30. 30. MANAGEMENT  there is no specific treatment for JE.  The treatment is intensive supportive care, including control of seizure.
  31. 31. PREVENTION  Vaccination against JE is advised in endemic areas.  There are 4 main types of JE vaccines currently in use  inactivated mouse brain-derived vaccines,  inactivated Vero cell-derived vaccines,  live attenuated vaccines  live recombinant vaccines.  In such areas, it is given routinely to children above 1 year of age.
  32. 32.  Protective immunity develops in about a month’s time after the second dose.  Revaccination after 3 yrs.  Best used in inter-epidemic period.  JE vaccine not recommended for routine use.
  33. 33. ADEM  ADEM is an initial inflammatory , demyelinating event with multifocal neurological deficits, typically accompanied by encephalopathy.  Most common age group – 5 to 8 years.  More common in males.  0.07-0.4 /lakh pediatric population. PATHOGENESIS  It maybe induced by infectious exposure or vaccine may trigger production of CNS auto-antigens.
  34. 34. CLINICAL MANIFESTATION  Lethargy, fever, headache, vomiting , meningeal signs, and seizures including s. Epilepticus .  Encephalopathy is hallmark of ADEM , ranging from ongoing confusion to persistent irritability to coma.  Focal neurological signs include visual loss, cranial neuropathies, ataxia, motor and sensory deficits with concurrent spinal cord demyelination.
  35. 35. INVESTIGATIONS  CSF – Pleocytosis with lymphocytic or monocytic predominance. CSF protein can be elevated In 10% - oligoclonal bands Elevated CSF immunoglobulin production  EEG- Generalised slowing  Head CT – may be normal or show hypodense regions.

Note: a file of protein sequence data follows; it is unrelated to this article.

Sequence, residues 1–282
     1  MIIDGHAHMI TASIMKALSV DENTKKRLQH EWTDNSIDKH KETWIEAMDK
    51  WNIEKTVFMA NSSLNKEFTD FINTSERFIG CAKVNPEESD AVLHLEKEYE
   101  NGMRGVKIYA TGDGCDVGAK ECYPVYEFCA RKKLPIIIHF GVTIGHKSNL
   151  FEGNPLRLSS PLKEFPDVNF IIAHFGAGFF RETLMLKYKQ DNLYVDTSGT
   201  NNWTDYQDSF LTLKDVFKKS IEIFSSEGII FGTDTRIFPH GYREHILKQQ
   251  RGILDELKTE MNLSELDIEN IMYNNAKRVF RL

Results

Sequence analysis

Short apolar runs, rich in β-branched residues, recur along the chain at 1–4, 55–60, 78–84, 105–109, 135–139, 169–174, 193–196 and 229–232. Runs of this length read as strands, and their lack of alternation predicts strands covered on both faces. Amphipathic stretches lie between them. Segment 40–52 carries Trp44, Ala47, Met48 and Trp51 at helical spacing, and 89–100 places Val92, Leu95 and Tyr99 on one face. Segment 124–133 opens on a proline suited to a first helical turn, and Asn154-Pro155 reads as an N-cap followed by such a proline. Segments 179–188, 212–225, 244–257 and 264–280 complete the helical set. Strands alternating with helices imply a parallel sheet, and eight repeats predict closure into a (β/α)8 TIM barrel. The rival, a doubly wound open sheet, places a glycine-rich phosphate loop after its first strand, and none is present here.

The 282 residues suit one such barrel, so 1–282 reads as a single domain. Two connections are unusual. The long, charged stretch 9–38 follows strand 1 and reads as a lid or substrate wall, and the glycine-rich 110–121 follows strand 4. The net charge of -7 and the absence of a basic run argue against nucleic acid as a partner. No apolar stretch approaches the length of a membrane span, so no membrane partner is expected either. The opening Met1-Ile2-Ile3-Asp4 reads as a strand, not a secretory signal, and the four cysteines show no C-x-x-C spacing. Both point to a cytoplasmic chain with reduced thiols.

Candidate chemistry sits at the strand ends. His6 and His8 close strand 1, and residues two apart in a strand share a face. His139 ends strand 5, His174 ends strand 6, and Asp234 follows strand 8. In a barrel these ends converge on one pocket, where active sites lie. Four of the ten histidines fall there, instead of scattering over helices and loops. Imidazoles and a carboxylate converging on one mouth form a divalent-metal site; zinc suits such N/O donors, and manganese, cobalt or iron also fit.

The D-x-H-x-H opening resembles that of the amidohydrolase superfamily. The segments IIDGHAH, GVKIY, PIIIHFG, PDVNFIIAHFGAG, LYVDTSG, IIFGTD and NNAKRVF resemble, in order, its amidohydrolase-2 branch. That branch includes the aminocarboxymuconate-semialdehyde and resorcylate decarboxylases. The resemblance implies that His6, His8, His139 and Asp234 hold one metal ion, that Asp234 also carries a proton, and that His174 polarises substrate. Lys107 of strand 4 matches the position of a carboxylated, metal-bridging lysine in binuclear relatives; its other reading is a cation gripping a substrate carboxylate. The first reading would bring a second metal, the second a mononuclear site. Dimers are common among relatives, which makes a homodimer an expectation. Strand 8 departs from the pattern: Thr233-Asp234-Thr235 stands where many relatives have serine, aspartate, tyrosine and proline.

36. 36. MRI  BRAIN MRI – large , multifocal and sometimes confluent or edematous mass like tumefactive T2 lesions with variable enhancement within white and often grey matter of cerebral hemispheres, cerebellum , and brain stem.  Spinal cord may have abnormal T2 signal or enhancement, with or without clinical signs of myelitis.
  37. 37. TREATMENT  High dose IV Steroid-Methylprednisolone 20-30mg/kg/day for 5 days with a max dose of 1000mg/day. Oral prednisolone taper over 1 month may prevent relapse.  IVIG- 2gm/kg/day over 2-5 days  Plasmapheresis  Rituximab  Cyclophosphamide Many children experience full recovery but some are left with residual motor and/or cognitive deficit.
  38. 38. AUTOIMMUNE ENCEPHALITIS  Can occur at all ages.  These disorders associated with antibodies against neuronal cell surface proteins and synaptic receptors.  Most of these are severe and potentially fatal.  Mechanisms that trigger the antibodies production are unknown.
  39. 39. AIE in Children  Anti NMDAR Encephalitis  Limbic Encephalitis  Cerebellar-brain stem Encephalitis  Bickerstaff Encephalitis  Hashimoto Encephalitis  Rasmussen Encephalitis  Bsal ganglia Encephalitis  CLIPPERS  ROHHAD
  40. 40. Anti NMDAR Encephalitis
  41. 41. INVESTIGATIONS Brain MRI – •Abnormal in 35% cases •Nonspecific cortical & sub-cortical T2 FLAIR signal abnormalities.
  42. 42. EEG EEG – abnormal in all cases Focal or diffuse slow activity in delta & theta range. characteristic EEG in children “extreme delta brush”.
  43. 43.  CSF –abnormal in 80% cases Moderate lymphocytic pleocytosis & less frequently increased protein synthesis and oligoclonal bands.  Diagnosis established by demonstrating NMDAR antibodies in CSF or serum(sensitivity higher in CSF 100% vs 85%)
  44. 44.  Presence of underlying tumour, mostly teratoma is age & sex dependent.  In few patients anti NMDAR occur after variety of pathogen like M. pneumoniae, HSV 1 & 6 , entero virus & influenza.  Mortality rate – 7%  Substantial or full recovery – 80% Recovery is usually slow can take upto 2 years.  Relapse rate – 15%
  45. 45. TREATMENT  Tumour removal  Immunotherapies • Corticosteroids • IVIG • Plasma exchange  Rituximab  Cyclophosphamide